When our students read just one source on a topic, I would argue they still know almost nothing about that topic or issue. I know you know this. It’s not until they read, view, listen to multiple sources on that topic that their understanding is transformed. This is not a new point. My argument is that students should read more than one source on a topic on a regular basis. I’d even argue that every time they consult a source on a nonfiction topic or issue, they should consult another source or two or more.
Give yourself a moment to do this.
Last summer my husband and I discovered a tide pool with sea stars in it.
(Photo taken by Sunday’s husband.)
I was immediately captivated and I wanted to know more. There was also a little spousal argument about whether the sea star is called starfish (my husband’s term) or sea star (mine) 😉 That night, on National Geographic’s website, I found the following:
Marine scientists have undertaken the difficult task of replacing the beloved starfish’s common name with sea star because, well, the starfish is not a fish. It’s an echinoderm, closely related to sea urchins and sand dollars.
Okay. I learned something new, right? But I wanted to know more. I searched again and found this time-lapse video of a sea star eating a clam. It’s 30 seconds.
Cool, huh? Now I knew a little bit more. The sea star wraps itself around its prey to eat it. Now I wanted to know even more—particularly about how the sea star eats its prey so I found the diagram below. What do you notice?
(Sorry – this diagram is by Pearson; couldn’t find the original source; it’s all over the internet at different sites.)
Okay. My understanding expanded. The sea star has a stomach in the center of its body (now the video makes more sense) and the sea star has tubular feet that help it grasp prey like the clam. I wanted to know more so I went back to National Geographic’s site and read this:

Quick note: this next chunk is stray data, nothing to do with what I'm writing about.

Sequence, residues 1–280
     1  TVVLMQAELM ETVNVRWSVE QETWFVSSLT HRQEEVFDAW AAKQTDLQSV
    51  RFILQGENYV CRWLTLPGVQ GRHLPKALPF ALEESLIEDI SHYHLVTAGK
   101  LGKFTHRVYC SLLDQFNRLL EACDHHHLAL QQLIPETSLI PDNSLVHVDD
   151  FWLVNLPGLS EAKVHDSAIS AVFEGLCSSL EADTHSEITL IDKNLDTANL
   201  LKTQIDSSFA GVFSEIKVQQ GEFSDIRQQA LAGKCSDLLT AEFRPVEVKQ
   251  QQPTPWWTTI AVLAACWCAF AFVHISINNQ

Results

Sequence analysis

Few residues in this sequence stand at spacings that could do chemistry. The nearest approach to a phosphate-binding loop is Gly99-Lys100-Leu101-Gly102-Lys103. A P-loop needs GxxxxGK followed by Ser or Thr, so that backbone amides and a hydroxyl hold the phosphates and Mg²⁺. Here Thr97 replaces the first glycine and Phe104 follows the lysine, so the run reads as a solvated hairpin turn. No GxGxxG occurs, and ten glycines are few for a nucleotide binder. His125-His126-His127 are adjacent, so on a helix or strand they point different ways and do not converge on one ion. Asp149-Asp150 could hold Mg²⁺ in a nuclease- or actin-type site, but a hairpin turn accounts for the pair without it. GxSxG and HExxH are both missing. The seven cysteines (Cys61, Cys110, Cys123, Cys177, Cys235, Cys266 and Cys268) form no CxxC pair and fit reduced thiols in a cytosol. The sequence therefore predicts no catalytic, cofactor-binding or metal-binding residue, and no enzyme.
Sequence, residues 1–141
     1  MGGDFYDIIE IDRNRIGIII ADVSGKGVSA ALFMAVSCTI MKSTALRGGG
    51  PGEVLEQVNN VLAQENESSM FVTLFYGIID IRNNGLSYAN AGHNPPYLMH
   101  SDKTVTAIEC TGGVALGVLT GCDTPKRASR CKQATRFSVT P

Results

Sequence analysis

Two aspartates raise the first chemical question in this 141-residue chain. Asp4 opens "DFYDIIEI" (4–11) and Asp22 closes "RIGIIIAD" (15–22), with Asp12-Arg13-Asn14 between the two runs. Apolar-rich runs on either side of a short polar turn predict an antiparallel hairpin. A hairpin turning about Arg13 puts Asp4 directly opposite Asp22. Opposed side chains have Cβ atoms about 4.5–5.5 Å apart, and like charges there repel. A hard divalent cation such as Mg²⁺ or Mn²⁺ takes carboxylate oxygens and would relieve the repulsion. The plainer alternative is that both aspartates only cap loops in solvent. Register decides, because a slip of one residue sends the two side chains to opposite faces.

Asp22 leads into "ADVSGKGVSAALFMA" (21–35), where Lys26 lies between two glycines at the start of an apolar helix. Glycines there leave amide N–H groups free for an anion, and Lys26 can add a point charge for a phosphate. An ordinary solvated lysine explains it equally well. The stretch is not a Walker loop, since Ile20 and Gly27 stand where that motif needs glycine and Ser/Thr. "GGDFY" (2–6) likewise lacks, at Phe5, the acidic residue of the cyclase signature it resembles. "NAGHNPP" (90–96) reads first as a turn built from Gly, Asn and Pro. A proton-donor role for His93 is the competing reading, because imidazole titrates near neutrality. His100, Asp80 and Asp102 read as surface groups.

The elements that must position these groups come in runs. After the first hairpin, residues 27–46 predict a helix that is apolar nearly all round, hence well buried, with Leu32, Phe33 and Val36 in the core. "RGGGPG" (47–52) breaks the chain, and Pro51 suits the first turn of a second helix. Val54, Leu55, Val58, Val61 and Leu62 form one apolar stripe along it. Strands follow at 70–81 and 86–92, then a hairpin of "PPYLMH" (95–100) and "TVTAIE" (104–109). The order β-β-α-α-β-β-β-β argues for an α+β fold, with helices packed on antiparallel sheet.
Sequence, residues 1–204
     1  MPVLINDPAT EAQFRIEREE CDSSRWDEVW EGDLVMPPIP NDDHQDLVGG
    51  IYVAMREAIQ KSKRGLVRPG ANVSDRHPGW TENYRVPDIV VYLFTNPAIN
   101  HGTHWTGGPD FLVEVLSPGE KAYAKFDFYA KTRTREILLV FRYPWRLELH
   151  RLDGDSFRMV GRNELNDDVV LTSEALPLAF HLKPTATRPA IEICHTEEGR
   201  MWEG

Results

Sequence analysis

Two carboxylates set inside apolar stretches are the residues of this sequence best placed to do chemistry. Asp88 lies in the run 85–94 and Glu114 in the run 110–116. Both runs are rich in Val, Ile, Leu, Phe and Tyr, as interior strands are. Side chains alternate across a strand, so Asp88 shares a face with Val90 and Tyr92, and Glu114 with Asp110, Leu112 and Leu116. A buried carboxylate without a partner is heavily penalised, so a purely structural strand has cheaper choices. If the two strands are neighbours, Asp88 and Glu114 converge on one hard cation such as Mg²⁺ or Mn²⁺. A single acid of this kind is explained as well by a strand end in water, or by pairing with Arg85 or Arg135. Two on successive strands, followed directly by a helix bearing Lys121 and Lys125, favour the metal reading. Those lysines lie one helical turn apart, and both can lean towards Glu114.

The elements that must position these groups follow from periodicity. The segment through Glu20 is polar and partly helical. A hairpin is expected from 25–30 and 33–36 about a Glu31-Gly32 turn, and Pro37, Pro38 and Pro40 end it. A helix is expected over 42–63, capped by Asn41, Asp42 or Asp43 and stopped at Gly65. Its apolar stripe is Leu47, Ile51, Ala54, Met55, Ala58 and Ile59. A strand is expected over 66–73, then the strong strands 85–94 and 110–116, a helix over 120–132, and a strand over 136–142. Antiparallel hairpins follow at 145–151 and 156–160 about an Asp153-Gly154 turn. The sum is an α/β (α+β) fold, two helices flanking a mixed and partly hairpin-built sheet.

Most sea stars also have the remarkable ability to consume prey outside their bodies. Using tiny, suction-cupped tube feet, they pry open clams or oysters, and their sack-like cardiac stomach emerges from their mouth and oozes inside the shell. The stomach then envelops the prey to digest it, and finally withdraws back into the body.
With each source I consulted, my understanding of the sea star developed depth.
I wanted to know more of course.
Then I came upon these photos (UC Santa Cruz). Take a moment to look closely.
These were taken over the course of three days (photo credit on the site to Kit Harma). This is sea star wasting syndrome that is devastating populations of sea stars on the west coast. With my understanding of the sea star–its physical features and how it eats–I had an even better understanding of how this is a horrific problem.
I kept reading because I wanted to know more and in the following days, my husband and I would check on our sea star several times–hoping that it still looked healthy and understanding so much more about what we were seeing.
My point is—What if I had stopped after reading the first source? I wouldn’t know that much. How did my learning grow because I read another source and then another? My understanding was transformed.
How can we make this happen for our students? How can we nurture this type of informed thinking on a regular basis? Given how much misinformation is out there, this is an imperative, huh?That’s what I explored with several colleagues and wrote about in my new book Nurturing Informed Thinking: Reading, Talking and Writing Across Content-Area Sources published by Heinemann. As we explored teaching with more than one source, the students’ excitement got us hooked on doing this. It’s hard to go back to using just one source after we observed this.
In this book, I write about so much of what I learned (selecting sets of sources, making it all manageable and so forth) plus I include nine sample lesson ideas in Chapter 3.
Here’s a lesson idea for now. Use these sources on the sea star with your students to reveal the power of consulting more than one source. As they consult each source, pose questions like, “What did you just add to your learning?” Close with a question like, “Why consult more than one source?”
Hope this helps.